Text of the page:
Or it could be, as mentioned at the outset, that the bond is secured with foreign revenues or assets.

Or - one could be a bit suspicious. A very important element is not known in this matter, namely: who purchased the 300 MEUR bonds? Suppose it were the Mytilineos family itself. 3,1% on 300 MEUR is close to 10 MEUR per year. If the Mytilineos family had purchased these bonds, they would have arranged for an annual transfer out of Greece of close to 10 MEUR, and that in the presence of capital controls which would normally impede such a thing. Shamed be he who thinks such a thing!

Wednesday, June 21, 2017

A New Narrative For Greece. Again?

The article from the Ekathimerini about building a fresh narrative for Greece made me wonder what the old narrative was/is. Since I couldn't remember any, I thought what kind of a narrative I would like to see. These are some of the thoughts which came to mind.

The first question I asked myself was what exactly is it that I would like to see achieved? And here is the answer I came up with: "We will seek to build a modern and prosperous Greece: a Greece characterized by economic opportunity and social equity, and served by an efficient administration with a strong public service ethos."

As I pondered this statement, my first reaction was that it basically says everything there is to say. But, of course: stating a goal alone will not do the trick. There has to be a discussion about how this goal can be achieved.

"We will create an obsession with exports!" This proclamation will have to be heard in all walls and halls of Greece. What is it that we could possibly export? Where do we have comparative advantages? Where would be good export markets? How can we move our products up the value chain before they leave Greece? How can we get assistance in pursuing this objective? And why, exactly, should we do all that? Well, because through exports we achieve financial inflows which we can then use to pay for imports, i. e. to increase our living standard. Not to mention the fact that many new jobs will be created.

"We will create an obsession with import substitution!" Now why would we want to do that? Because with imports, all the jobs along the production chain (product development, manufacturing, marketing, selling) are in other countries. We want to 'steal' those jobs from other countries by no longer importing products which could just as well be produced in Greece. Questions are: Which products which we are importing now could be just as well produced in Greece? Can we get any foreign manufacturers to manufacture in Greece? Where should we import from? (presumably from those countries which can reciprocate in one way or another). Import substitution is a job creation program!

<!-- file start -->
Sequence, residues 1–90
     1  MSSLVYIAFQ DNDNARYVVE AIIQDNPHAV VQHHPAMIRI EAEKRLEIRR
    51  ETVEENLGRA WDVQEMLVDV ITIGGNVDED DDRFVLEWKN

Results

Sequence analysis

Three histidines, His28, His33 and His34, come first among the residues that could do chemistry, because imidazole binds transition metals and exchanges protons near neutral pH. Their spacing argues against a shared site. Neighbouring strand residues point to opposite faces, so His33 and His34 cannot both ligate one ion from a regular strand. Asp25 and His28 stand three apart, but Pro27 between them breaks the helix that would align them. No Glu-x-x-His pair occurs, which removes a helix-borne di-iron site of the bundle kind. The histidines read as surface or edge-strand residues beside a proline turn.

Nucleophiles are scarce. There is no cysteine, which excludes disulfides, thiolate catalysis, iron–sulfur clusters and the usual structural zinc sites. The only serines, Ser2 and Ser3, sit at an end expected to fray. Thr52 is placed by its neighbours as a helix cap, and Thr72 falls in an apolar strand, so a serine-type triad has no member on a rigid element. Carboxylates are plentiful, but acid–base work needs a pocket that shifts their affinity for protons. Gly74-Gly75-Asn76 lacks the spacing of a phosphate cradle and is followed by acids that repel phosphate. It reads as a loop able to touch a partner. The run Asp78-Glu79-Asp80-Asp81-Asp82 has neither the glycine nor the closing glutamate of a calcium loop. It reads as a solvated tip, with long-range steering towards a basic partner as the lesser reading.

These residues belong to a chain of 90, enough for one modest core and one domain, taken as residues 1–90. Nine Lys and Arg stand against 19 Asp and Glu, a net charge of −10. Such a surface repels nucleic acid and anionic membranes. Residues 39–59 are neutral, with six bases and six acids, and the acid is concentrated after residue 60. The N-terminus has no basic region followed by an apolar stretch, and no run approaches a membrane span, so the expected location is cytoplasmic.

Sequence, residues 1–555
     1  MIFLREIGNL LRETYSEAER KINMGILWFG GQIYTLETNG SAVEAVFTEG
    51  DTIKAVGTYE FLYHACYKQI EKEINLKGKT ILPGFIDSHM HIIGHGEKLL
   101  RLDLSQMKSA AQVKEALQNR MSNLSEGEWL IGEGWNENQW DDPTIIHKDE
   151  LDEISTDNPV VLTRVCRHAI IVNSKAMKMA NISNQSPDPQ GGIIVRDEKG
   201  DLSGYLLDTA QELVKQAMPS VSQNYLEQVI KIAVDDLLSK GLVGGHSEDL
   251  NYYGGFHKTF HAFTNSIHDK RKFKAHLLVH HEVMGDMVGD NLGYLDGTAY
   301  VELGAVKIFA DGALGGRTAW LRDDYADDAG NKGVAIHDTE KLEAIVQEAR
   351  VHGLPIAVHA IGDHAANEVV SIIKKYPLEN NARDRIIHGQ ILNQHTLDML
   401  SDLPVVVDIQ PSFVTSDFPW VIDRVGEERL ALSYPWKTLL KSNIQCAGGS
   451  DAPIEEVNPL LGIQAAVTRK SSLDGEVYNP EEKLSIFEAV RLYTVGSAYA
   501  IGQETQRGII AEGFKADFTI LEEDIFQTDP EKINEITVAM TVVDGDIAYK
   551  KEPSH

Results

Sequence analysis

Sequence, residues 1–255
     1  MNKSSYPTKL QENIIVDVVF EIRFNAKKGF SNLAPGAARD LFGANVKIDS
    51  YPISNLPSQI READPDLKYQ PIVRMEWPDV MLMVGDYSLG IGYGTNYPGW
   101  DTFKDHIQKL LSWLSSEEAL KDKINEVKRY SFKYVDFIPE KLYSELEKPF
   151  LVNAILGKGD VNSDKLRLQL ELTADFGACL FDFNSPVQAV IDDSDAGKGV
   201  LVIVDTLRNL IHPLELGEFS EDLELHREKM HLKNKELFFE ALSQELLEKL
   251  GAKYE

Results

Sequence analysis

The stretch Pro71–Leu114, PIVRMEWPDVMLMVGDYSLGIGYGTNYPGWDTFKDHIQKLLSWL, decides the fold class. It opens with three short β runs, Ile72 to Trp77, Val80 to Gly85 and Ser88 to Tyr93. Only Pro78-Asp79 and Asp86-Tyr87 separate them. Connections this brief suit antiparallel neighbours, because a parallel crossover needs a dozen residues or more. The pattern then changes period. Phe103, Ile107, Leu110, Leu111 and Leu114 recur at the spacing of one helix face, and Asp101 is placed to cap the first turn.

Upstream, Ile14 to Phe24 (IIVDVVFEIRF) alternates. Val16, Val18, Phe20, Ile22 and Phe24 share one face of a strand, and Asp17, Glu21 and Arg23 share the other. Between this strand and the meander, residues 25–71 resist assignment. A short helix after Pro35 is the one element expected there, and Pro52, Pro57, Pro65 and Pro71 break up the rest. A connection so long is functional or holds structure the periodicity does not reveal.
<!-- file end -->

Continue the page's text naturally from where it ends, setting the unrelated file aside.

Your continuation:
"We will create an obsession with tourism!" Tourism is actually another form of exports and through tourism we achieve financial inflows which we can then use to pay for imports, i. e. to increase our living standard. We are first class in the luxury segment but in the rest of the industry we leave quite a bit of money on the table. Either because we have cheap tourists from cheap countries or because rich tourists from rich countries pay cheap all-inclusive prices. We will put the focus on improving quality. Quality of the infrastructure and quality of the service.

"We will create an obsession with foreign investment!" Every Greek will have to understand that there are only 3 options to get out of our economic crisis: foreign investment, foreign investment and foreign investment, again! We will pursue very aggressively foreign investors who take a long-term view with their investments. Who plan to add value to the Greece. And we will de-emphasize any kind of financial investors because such investors are principally interested in short-term financial gain. The key question will always be: Does the foreign investor promise know-how transfer, further investment and expansion. Put differently: Does the foreign investor accomplish something which we could not accomplish by ourselves. Or: Does the foreign investor contribute to the increase in exports, in import substitution and in improving the tourism infrastructure and quality of service?

And, finally -

"We will turn the Greek state into an efficient administration with a strong public service ethos!" Meritocracy will the the buzzword reverberating in the halls and walls of our public administration buildings! In the future, it will be very difficult to get a job in the public sector because the required qualifications will be very high. Patronage or nepotism will no longer be qualifications!

Our guiding policy will be that anything which hinders the above described measures or even makes them impossible will be reformed with great speed. We invite our critics to remind us forcefully should we deviate from this policy.